Monday, April 02, 2007

Genetic basis of adaptation to hypoxia

Let's do this in humans and compare different high altitude populations (E. Africa, Andes, Himalayas). There is some evidence that different populations adapted to hypoxia in different ways. Here they find five amino acid mutations responsible for the effect.

The Molecular Basis of High-Altitude Adaptation in Deer Mice

Jay F. Storz, Stephen J. Sabatino, Federico G. Hoffmann, Eben J. Gering, Hideaki Moriyama, Nuno Ferrand, Bruno Monteiro, Michael W. Nachman

PLoS Genet 3(3): e45

Abstract: Elucidating genetic mechanisms of adaptation is a goal of central importance in evolutionary biology, yet few empirical studies have succeeded in documenting causal links between molecular variation and organismal fitness in natural populations. Here we report a population genetic analysis of a two-locus α-globin polymorphism that underlies physiological adaptation to high-altitude hypoxia in natural populations of deer mice, Peromyscus maniculatus. This system provides a rare opportunity to examine the molecular underpinnings of fitness-related variation in protein function that can be related to a well-defined selection pressure. We surveyed DNA sequence variation in the duplicated α-globin genes of P. maniculatus from high- and low-altitude localities (i) to identify the specific mutations that may be responsible for the divergent fine-tuning of hemoglobin function and (ii) to test whether the genes exhibit the expected signature of diversifying selection between populations that inhabit different elevational zones. Results demonstrate that functionally distinct protein alleles are maintained as a long-term balanced polymorphism and that adaptive modifications of hemoglobin function are produced by the independent or joint effects of five amino acid mutations that modulate oxygen-binding affinity.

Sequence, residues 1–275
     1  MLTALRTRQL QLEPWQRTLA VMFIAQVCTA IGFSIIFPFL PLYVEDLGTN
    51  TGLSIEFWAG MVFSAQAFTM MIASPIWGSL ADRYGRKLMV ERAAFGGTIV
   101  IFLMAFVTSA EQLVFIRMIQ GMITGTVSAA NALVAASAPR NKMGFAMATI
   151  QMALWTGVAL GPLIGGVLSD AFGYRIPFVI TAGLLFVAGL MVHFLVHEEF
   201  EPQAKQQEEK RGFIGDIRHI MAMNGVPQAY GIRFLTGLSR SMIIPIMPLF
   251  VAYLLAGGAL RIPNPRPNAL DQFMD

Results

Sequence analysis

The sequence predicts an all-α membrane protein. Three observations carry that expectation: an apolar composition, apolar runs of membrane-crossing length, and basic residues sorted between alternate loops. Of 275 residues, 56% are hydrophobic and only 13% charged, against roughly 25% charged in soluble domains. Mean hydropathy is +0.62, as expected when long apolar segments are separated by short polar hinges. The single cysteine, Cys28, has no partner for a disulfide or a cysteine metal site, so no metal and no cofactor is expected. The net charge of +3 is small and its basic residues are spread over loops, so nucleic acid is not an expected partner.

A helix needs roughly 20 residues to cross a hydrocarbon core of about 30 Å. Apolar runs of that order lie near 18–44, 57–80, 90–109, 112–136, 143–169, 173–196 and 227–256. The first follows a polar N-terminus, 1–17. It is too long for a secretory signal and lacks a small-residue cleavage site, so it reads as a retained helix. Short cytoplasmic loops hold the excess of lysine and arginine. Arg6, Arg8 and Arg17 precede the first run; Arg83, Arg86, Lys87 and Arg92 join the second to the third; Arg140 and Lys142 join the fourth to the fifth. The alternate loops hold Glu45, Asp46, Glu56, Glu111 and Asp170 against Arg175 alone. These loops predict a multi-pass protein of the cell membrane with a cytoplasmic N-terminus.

No comments:

Locations of visitors to this page